I would have loved to include a clip from the show as animation is unsurprisingly key in anime, but the only thing available on Youtube at the moment are snippets of the live action version of the show, chocked to the brim with some of the worst acting that you could ever hope to avoid.


  1. How come anime shows are mainly associated with geeks and their ilk over here, when they seem so universal and part of the mainstream culture over there?

    Over here being Blighty, over there being Japan and that.

  2. Over here being Normandy, over there being the Cotswolds.

    Anime fans in the UK are big geeks. Some are vaguely sociable and savvy geeks, such as the geeks in our blog-circle, whilst some are scary and embarrassing - visiting the anime/manga section of Forbidden Planet usually fills me with some sort of violent, hateful fear.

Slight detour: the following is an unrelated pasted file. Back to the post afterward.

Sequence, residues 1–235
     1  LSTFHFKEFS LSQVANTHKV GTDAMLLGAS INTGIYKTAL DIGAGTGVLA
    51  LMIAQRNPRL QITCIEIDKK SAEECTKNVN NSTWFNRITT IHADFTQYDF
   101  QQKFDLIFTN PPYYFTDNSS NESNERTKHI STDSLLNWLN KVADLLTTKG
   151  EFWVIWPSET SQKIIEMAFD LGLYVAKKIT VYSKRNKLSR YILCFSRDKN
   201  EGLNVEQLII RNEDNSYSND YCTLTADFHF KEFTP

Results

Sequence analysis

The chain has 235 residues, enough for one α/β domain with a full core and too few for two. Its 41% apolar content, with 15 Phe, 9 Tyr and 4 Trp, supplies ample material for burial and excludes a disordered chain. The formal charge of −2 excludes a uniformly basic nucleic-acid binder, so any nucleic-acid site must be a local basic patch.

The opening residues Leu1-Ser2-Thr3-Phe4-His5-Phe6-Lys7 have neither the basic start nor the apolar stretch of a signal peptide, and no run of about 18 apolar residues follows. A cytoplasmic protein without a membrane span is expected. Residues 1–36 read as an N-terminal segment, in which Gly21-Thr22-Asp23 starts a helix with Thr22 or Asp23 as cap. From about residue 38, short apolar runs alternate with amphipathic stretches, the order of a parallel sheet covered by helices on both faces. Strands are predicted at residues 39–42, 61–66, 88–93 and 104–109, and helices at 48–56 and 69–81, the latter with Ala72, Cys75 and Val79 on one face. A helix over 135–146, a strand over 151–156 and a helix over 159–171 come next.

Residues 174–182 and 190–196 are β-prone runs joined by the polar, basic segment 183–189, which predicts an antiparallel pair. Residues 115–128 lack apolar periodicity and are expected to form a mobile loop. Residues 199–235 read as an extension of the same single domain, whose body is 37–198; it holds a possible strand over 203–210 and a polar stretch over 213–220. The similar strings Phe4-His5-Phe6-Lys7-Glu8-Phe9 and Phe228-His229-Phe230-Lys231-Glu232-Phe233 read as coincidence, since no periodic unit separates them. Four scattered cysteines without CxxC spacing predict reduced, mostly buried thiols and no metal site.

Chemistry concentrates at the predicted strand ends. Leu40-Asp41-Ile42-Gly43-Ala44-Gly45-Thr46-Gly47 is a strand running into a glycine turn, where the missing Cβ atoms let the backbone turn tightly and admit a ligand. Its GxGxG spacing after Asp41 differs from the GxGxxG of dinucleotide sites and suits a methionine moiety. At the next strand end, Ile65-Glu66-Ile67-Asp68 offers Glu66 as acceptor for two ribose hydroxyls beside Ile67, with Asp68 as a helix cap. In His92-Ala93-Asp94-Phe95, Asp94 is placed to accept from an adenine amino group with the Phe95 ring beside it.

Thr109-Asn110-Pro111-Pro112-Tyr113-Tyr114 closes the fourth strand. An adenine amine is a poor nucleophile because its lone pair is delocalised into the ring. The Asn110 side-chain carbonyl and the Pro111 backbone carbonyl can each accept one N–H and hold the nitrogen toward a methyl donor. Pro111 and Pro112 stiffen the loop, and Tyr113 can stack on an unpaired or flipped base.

It's a sub-section of a sub-culture.
    The Xmen and Spiderman may be household names, but I wouldn't be surprised if the majority of those in the UK who watched the first movies had never read one of the comics. And then within the comicbook geek subculture of Britain, you have the anime fans.

    In Japan, manga comics have been a large part of the culture for decades. Some say that the American occupiers tried to get their culture across via the visual medium of comics to overcome the language barrier, which made comics or manga a central part of the culture post-war. You also have the fact that the Japanese language itself is very visual, where the letters are pictures and often represent something, however abstract. The mere act of writing is itself an art form, far moreso than Western calligraphy.

    Because manga has been so central to Japanese culture, it has endured, as rather than being seen as something for kids, manga are created to cover every theme, topic or genre you could think of. Therefore manga are read by both genders at all ages and at all levels of social standing - be it the cutesy magical girl tales stuffed with frilly dresses for little girls, or stories of pro golfers for the middle aged salaryman, there's something to cover all bases.